An Actor Prepares (To Drive His Director Crazy!)

klaus-kinski-crawlspaceIt’s no secret that the late Klaus Kinski was often difficult to work with on the sets of his many, many films. Werner Herzog made an entire feature about his tempestuous relationship with Kinski, My Best Fiend, in which he refers to him both as an actor of extraordinary gifts as well as “a pestilence” responsible for the grey hairs on his head.

While we await the inevitable screen biography of K2* and Kinski fans content themselves with his impressive and eccentric body of work, every once in a while, a fresh tidbit concerning his off-camera exploits appears to delight one and all…or maybe just me, if I turn out to be the last of his admirers to stumble upon and view Please Kill Mr. Kinski, a fantastic short film made by Tourist Trap director David Schmoeller, who had the (mis?)fortune of employing Kinski for his production of the 1986 shocker Crawlspace.

Schmoeller had already been warned about the perils of working with Kinski before rolling on the first take. Dedicated fans and filmmakers alike will surely agree, however, that not even the most heart-stopping anecdotes about past antics would have dissuaded them from jumping at the opportunity to make use of the German Olivier’s special intensity.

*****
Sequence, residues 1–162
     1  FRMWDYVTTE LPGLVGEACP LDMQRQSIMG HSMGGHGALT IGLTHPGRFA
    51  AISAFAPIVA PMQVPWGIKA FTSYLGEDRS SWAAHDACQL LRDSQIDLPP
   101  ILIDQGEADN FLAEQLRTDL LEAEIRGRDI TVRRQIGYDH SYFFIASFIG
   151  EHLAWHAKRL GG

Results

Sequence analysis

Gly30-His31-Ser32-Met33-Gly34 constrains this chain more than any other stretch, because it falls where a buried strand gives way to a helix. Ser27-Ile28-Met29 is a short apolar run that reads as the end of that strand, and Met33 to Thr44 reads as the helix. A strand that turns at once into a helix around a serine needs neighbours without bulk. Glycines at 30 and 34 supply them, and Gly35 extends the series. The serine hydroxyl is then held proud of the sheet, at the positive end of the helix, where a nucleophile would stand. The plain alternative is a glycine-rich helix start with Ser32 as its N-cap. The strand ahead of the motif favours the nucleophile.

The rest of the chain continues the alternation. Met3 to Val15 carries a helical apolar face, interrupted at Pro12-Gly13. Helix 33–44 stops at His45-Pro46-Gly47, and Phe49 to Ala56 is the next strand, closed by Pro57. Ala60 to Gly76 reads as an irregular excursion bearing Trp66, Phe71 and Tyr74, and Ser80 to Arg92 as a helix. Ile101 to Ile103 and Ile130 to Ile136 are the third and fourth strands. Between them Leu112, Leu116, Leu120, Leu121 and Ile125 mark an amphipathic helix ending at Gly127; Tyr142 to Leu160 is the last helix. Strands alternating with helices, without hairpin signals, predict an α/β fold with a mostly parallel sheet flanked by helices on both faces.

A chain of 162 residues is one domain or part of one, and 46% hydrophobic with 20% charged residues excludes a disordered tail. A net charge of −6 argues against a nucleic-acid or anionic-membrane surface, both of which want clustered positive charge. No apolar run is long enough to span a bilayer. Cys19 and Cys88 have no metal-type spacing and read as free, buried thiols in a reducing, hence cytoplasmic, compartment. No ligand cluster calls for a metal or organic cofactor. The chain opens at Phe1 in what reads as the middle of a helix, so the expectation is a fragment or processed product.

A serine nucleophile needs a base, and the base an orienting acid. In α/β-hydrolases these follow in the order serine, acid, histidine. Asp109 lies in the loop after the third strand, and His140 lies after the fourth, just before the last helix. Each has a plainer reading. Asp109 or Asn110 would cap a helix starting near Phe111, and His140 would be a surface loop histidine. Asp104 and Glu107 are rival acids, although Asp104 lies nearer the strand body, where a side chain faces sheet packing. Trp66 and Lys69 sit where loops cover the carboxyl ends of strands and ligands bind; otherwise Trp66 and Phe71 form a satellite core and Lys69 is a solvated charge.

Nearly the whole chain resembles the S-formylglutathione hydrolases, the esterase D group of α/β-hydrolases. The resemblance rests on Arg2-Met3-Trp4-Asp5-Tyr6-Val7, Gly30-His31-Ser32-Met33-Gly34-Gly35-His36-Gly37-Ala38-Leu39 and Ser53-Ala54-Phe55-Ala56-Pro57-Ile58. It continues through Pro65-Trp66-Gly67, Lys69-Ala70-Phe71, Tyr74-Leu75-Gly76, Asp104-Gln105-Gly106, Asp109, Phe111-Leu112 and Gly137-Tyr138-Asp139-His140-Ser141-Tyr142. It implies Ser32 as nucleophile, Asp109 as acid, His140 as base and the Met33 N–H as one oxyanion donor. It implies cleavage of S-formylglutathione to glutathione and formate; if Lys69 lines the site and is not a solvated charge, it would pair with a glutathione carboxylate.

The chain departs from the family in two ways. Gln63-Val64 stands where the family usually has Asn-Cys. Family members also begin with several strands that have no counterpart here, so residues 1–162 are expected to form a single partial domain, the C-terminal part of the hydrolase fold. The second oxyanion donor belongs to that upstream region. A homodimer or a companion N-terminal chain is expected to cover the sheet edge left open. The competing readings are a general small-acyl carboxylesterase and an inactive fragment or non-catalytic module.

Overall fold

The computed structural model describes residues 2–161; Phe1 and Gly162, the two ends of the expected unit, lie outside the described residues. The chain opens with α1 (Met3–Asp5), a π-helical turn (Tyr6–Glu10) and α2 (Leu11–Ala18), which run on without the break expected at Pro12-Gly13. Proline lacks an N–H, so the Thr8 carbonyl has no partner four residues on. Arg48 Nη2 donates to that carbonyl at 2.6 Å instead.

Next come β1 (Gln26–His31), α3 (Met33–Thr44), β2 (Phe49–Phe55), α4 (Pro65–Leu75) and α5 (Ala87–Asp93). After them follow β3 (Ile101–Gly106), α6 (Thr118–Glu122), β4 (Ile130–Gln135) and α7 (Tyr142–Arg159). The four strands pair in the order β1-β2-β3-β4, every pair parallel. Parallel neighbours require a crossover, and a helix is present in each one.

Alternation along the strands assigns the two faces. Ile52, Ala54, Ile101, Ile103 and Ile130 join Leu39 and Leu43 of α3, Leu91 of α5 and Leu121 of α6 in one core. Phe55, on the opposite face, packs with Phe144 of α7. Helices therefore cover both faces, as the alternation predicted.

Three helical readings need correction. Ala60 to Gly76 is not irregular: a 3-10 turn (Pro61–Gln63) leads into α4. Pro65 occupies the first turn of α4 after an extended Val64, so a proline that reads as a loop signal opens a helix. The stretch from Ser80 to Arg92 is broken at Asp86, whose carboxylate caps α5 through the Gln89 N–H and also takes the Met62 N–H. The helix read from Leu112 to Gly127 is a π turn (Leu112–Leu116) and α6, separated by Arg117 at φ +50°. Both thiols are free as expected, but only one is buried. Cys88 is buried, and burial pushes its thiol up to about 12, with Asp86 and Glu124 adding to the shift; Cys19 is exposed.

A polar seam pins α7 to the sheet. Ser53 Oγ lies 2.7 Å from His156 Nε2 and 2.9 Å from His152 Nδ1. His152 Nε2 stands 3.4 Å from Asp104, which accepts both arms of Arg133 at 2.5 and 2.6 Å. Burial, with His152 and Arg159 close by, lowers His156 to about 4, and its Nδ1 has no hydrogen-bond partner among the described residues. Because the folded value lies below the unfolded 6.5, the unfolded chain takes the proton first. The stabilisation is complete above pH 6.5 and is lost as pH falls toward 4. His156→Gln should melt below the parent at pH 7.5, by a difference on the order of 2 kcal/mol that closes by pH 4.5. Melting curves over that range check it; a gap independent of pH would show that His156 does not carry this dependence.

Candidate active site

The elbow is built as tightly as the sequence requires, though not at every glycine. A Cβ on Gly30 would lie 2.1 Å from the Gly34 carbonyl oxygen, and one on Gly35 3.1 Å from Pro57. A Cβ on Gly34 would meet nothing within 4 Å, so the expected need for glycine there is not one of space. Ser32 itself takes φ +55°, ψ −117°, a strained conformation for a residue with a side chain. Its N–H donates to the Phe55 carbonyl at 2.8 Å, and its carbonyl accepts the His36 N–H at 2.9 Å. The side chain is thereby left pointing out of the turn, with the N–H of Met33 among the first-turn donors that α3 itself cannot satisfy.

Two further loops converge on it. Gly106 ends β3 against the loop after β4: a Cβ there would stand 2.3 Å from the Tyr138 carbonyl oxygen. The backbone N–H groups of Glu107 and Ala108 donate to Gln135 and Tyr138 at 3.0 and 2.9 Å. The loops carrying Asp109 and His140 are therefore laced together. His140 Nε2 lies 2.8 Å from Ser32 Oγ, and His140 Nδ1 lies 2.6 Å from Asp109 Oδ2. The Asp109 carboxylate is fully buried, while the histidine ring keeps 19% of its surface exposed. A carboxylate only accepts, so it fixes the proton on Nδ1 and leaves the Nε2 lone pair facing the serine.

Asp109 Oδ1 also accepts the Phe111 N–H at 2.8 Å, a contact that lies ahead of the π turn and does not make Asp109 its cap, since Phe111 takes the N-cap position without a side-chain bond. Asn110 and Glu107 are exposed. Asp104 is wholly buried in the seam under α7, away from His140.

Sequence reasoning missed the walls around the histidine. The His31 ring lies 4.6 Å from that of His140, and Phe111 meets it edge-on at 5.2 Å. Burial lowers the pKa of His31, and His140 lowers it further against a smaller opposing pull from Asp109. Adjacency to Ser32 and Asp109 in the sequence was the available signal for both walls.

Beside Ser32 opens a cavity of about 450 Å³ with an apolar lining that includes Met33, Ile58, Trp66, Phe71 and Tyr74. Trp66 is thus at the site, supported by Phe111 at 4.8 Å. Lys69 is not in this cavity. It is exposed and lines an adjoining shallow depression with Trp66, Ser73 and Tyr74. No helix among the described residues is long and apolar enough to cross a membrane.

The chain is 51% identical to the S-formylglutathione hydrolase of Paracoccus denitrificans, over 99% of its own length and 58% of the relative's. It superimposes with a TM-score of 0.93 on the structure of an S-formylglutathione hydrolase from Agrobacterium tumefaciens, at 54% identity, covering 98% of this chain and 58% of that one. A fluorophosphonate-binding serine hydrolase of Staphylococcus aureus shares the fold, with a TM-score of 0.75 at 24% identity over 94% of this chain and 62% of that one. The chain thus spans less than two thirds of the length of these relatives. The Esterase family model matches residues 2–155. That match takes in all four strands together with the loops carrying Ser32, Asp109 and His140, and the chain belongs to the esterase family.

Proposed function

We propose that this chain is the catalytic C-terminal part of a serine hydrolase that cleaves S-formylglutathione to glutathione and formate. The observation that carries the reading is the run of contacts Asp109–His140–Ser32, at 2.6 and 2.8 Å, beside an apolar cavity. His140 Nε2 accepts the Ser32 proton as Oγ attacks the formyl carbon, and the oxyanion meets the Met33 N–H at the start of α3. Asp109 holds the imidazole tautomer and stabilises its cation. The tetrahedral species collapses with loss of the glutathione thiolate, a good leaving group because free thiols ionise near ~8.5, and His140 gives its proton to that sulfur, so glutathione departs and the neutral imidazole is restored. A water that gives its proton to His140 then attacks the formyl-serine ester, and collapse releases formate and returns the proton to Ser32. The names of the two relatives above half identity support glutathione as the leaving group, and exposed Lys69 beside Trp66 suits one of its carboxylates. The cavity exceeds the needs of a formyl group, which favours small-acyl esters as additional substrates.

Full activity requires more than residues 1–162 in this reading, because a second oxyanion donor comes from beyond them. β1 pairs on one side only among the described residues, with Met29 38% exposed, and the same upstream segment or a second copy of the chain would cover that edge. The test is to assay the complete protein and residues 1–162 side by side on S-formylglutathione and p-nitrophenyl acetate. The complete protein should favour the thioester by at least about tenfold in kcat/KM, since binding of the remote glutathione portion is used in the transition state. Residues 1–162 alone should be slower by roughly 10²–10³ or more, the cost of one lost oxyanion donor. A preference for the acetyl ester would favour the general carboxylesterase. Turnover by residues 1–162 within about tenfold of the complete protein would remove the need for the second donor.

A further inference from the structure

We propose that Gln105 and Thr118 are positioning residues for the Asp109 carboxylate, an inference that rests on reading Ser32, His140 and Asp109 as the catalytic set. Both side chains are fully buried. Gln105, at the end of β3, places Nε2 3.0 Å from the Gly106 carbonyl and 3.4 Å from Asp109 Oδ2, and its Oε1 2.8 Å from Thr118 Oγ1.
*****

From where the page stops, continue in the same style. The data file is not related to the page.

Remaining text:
The short is a charming blend of first-person narrative by Schmoeller mixed with “making-of” footage and some hilarious (and very off-color) interview bits of Klaus spouting off about the idiocy of directors in general. Enjoy:

* There simply must be a future film made about Kinski’s life and career. Were it within my power to greenlight such a project, I’d use his notoriously profane autobiography All I Need Is Love (published in the U.S. as Kinski Uncut) as the spine of an aggressive and surreal study of the man and the myth. And maybe cast Willem Dafoe in the title role—there’d be a certain kind of poetry to that, I think, seeing as how Dafoe already portrayed Max Schreck, the screen’s first Nosferatu. Dafoe regularly updates his credentials as the movies’ most fearless actor (as the two or three other people who have watched Antichrist (article) can appreciate), so he obviously wouldn’t be put off by the extremity of the part. Anyone who’s been lucky enough (?) to survey the excruciatingly weird vulgarities highlighting Klaus’ last film, Kinski Paganini, will no doubt concur that this approach would clearly be to Kinski’s liking—that is, once he’d finished a screaming tirade condemning all those involved.